Secularized FeminismTaken from Zenit — a Rome based news service
Secularized feminism raises excellent questions but cannot answer them, says an American theologian who points to a Christian feminism as an antidote.
Pia de Solenni, 29, was awarded the 2001 Pontifical Academies' Prize by John Paul II last November for the defense of her doctoral thesis at the University of the Holy Cross here.
The thesis is an analysis of feminist theories in light of the philosophy of Thomas Aquinas. De Solenni, a graduate of Thomas Aquinas College in her native California, expounded on her ideas for ZENIT.
Q: Could you explain what "feminism" means, in light of your studies of St. Thomas Aquinas?
Solenni: Woman is created in the image of God. Like man, she is created for the purpose of knowing, ultimately knowing God. True feminism, therefore, respects woman's essential identity as an image of God. Where she differs from man, a true feminism understands that these differences are constructive and complementary.
As a result of many feminist theories, woman begins to be considered an atomistic individual, an individual without relations to others. Yet, we see that every aspect of our life --for both men and women -- we need others. Our happiness relates intimately to our relations with others because we come to know ourselves and others, including God, through these relations. The Christian tradition has shown us that the feminine vocation is lived out in countless ways -- look at the women saints. You can't put it in a box and say that a woman should do x, y and z.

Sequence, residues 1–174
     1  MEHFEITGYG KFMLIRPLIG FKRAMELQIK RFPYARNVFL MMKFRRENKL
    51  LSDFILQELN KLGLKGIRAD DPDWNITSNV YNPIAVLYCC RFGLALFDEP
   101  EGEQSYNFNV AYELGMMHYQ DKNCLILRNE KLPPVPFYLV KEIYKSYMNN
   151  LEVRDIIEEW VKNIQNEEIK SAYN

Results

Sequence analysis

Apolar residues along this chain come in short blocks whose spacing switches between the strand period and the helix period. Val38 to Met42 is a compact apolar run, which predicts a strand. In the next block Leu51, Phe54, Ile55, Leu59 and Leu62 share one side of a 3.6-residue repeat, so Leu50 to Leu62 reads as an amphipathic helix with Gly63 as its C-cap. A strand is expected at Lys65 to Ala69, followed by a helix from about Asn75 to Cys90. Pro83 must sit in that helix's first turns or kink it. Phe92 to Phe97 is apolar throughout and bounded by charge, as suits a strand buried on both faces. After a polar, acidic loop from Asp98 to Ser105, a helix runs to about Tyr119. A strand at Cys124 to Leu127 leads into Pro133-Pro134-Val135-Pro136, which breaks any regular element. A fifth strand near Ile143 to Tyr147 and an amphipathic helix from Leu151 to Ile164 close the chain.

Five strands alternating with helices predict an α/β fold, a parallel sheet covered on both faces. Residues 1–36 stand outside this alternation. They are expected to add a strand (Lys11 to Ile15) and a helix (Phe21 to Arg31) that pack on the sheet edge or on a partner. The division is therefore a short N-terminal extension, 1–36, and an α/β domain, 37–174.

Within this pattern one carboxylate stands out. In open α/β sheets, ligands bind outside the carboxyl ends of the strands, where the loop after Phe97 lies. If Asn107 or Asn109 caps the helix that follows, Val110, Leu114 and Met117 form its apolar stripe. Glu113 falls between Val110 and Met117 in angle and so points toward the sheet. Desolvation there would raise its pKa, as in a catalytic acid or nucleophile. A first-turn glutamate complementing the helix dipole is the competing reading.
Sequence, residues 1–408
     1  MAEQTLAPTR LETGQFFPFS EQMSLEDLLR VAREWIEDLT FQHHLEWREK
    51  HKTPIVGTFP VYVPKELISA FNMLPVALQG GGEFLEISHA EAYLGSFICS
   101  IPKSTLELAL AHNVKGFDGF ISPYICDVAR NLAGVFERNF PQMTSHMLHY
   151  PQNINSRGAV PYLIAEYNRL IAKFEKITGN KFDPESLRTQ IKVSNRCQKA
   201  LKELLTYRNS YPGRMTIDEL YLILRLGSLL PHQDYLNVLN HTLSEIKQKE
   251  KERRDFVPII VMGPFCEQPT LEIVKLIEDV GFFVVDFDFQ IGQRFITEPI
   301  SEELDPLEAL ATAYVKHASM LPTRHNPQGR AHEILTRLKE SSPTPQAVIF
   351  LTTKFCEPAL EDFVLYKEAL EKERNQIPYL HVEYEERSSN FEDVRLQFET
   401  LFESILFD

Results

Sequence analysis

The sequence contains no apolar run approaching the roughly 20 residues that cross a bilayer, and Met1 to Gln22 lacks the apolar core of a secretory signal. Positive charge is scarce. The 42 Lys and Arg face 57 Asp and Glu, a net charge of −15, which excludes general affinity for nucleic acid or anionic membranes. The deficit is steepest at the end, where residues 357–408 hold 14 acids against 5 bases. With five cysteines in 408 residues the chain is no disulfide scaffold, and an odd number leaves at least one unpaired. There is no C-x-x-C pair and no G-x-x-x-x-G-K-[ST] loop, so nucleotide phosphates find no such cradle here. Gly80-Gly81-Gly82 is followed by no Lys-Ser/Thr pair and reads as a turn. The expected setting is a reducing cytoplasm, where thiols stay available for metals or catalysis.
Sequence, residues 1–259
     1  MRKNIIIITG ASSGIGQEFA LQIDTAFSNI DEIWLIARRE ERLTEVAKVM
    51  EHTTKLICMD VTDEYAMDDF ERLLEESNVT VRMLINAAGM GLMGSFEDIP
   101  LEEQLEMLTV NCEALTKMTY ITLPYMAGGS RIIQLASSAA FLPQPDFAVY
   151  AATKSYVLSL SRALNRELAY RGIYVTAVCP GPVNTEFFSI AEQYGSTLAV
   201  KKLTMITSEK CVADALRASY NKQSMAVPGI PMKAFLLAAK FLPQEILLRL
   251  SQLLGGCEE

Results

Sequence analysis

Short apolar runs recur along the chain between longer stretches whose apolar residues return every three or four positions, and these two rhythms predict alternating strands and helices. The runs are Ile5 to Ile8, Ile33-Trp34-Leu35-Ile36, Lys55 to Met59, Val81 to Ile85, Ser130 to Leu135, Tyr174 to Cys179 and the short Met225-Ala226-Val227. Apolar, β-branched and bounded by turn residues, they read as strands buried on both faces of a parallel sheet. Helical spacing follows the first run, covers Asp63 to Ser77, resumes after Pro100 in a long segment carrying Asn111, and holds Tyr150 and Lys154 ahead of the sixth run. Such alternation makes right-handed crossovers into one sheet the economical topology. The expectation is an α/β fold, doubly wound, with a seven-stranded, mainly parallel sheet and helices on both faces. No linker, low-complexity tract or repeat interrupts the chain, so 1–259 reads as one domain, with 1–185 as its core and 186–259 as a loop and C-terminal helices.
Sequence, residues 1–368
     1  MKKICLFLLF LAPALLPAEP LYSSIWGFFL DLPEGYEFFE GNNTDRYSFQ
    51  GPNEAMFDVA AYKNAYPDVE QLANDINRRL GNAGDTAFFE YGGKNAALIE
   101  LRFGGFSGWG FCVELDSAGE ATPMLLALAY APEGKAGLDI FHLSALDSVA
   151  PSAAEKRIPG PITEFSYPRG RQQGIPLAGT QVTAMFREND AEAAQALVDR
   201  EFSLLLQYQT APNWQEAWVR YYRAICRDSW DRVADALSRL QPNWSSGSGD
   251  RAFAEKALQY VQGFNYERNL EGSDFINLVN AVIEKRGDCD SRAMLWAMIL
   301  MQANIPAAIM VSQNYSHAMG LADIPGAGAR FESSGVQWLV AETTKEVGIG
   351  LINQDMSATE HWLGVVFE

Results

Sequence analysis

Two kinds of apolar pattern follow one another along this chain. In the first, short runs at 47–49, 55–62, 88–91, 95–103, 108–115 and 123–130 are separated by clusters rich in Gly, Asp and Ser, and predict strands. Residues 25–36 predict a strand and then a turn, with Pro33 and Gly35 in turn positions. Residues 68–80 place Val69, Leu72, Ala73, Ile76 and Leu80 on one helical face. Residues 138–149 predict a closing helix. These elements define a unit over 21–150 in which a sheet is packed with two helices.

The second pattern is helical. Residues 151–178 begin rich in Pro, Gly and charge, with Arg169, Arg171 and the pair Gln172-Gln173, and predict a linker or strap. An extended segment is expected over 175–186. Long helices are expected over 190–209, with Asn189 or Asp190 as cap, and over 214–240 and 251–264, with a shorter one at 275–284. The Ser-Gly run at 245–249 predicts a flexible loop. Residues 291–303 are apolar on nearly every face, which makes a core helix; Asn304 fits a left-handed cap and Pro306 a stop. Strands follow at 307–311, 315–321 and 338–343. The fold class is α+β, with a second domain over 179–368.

True feminism concerns itself more with how a woman exists, rather than the jobs that she can do. Whatever she does, she does as a woman, not as a genderless creature. The same is obviously true for man.
Q: Could you outline the various interpretations and distinguish what is acceptable from a Christian perspective and what is not?
Solenni: Feminism can be categorized in many different ways. I think it's easier to break it down into general groups based on how the individual man and woman are considered in relation to each other. Under each of these groups, you'll find people who might not even agree on their views, but their essential understanding of man and woman is the same.
That would give us about four basic categories.
First, there's feminism of equality. This feminism maintains that women and men are absolute equals and exactly the same. The differences are conditioned by external factors. This tradition can be traced to Plato who considered the body to be nothing more than the container of the genderless soul. It's also the tradition found in the 18th-century feminism started by Mary Wollstonecraft. John Stuart Mill and Harriet Taylor developed this thought in the 19th century. It's also held weight into the 20th and 21st centuries, especially in theories of androgyny.